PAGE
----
Agribusiness and FMCG - Post-budget sectoral point of view

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India’s Finance Minister Arun Jaitley presented his maiden budget on Thursday,10 July 2014, bringing an end to an unprecedented run-up of hope and hype. He has sought to provide impetus to the infrastructure, manufacturing, tourism, and financial sectors in this year’s federal budget, making a valiant effort to live up to the twin promises of economic growth and good governance of the Narendra Modi government.

The budget echoed the strong intention and spelt out the initiatives of the government to effectuate the ease of doing business in India. We believe, if Budget 2014 is to be different, it will depend on the will and implementation effort of the new government.

As we absorb and process the Finance Minister’s speech and the Budget 2014 proposals, please find attached our in-depth analysis of the key budgetary proposals impacting the Agriculture and FMCG sector.

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Agribusiness and FMCG - Post-budget sectoral point of view

  1. 1. Agribusiness and FMCG Post-budget sectoral point of view INDIA UNION BUDGET 2014
  2. 2. Table of contents 1. Context 3. Key policy/fiscal/tax proposals 5. Unfinished agenda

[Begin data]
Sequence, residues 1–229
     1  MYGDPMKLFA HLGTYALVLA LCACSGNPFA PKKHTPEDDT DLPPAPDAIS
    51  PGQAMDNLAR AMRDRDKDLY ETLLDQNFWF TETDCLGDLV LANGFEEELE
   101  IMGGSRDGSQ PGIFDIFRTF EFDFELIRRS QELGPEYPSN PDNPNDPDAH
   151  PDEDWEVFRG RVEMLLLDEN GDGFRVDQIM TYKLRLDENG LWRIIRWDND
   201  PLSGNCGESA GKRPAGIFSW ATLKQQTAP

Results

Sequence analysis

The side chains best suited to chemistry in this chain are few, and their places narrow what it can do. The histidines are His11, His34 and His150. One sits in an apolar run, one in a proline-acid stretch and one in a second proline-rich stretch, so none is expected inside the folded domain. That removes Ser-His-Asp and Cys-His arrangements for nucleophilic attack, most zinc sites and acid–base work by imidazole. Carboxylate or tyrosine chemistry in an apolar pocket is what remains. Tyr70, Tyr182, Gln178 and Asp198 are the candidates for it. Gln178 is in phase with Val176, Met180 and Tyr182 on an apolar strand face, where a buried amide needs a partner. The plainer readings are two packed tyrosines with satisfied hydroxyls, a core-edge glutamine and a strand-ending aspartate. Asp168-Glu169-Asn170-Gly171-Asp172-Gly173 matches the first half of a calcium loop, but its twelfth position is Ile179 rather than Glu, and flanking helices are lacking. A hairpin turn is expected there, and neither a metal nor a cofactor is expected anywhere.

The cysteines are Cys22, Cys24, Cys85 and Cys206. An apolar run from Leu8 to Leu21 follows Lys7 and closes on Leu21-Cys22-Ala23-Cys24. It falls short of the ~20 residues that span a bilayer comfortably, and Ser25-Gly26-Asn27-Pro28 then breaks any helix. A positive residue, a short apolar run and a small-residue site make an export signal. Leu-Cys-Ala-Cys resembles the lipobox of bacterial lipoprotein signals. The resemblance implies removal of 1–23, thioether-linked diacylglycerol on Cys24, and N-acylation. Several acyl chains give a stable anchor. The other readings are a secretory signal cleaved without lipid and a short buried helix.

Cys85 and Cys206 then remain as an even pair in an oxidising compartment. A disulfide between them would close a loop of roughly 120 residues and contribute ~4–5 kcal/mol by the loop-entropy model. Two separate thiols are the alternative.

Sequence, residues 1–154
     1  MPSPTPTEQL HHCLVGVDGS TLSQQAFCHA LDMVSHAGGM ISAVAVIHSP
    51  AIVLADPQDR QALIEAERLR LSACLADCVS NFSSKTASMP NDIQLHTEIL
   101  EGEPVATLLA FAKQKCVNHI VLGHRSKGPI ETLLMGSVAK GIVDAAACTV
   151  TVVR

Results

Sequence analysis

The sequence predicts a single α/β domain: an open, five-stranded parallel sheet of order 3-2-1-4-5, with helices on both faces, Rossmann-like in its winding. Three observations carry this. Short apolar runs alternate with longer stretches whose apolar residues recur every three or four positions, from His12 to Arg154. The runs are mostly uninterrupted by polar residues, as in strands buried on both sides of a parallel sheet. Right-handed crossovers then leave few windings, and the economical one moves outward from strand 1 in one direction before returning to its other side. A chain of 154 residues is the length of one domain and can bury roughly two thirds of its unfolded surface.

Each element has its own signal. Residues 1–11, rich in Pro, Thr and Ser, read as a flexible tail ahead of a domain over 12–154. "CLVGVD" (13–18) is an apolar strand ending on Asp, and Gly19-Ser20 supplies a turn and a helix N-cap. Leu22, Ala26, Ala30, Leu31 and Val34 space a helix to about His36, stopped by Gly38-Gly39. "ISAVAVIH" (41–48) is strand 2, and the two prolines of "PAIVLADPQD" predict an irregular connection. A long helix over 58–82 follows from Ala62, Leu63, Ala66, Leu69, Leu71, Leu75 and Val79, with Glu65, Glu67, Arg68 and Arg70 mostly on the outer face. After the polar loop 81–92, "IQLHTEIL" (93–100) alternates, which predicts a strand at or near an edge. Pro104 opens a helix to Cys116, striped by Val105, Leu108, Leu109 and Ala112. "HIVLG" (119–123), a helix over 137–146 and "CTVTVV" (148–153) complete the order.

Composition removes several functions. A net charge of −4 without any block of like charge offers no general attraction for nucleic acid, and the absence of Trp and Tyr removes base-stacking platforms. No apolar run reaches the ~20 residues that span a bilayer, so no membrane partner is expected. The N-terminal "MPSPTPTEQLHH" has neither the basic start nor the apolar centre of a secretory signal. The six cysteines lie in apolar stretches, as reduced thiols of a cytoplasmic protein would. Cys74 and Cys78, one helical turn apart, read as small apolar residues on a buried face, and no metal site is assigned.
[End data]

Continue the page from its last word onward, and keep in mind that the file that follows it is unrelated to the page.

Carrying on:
3. 3. © 2014 KPMG, an Indian Registered Partnership and a member firm of the KPMG network of independent member firms affiliated with KPMG International Cooperative (“KPMG International”), a Swiss entity. All rights reserved. 3 Context Where are we Agriculture is an important sector of the Indian economy which contributes to about one-sixth of the GDP, 11 per cent of exports and more than 50 per cent of India’s workforce. While agriculture’s contribution to India’s GDP has fallen from 30 per cent in the financial year 1991 to less than 15 per cent in FY13, the contribution to employment continues to remain the same – being a key source of income for a large number of low income households. Also, India is one of the most populous nations of the world, and on an average, food contributes nearly 50 per cent of all expenses. Agriculture and allied sectors grew at a CAGR of 3.6 percent in the 11th Plan (2007-12) much below the target of four percent. It is widely believed that it is important for agriculture to grow at four percent for India to achieve an overall growth of seven to eight percent. Key issues/challenges The Indian agriculture faces several structural challenges. Growing fragmentation and diminishing size of land holdings have severely impacted farm productivity, efficiency and modernisation. Additionally, there has been a growing shift towards non-farming occupations in the recent years leading to a severe shortage of workforce in several parts of the country. Other challenges include continued reliance on monsoons for irrigation, poor post harvest infrastructure leading to high food wastage, lack of adequate market infrastructure to enable proper price discovery and realisation. NDA stance Reforming agriculture forms an intrinsic part of the ruling party’s plan to bring the economy back on track and to control rampant price rise. BJP’s manifesto highlights the importance of strengthening the traditional employment bases of agriculture and allied activities and an urgent need to mobilise resources to enable infrastructure development. In this regard, BJP has been advocating several initiatives like, the national river grid and national agriculture market which could revolutionalise Indian agriculture. NDA’s stance reinforces these priorities and the current budget may be seen as an initiation of the roadmap for the vision projected by the ruling party. What was expected The agriculture and food sector has been performing below par over the last few years and the future looks challenging due to a weak monsoon. Therefore, the expectations from the Union Budget 2014 were high. There was an immediate need to focus ‘strategic’ or ‘long term’ initiatives to bring sustainable growth in the sector. This required a two pronged strategy – to deal with the inherent challenges on one hand, and to ensure long term asset creation on the other.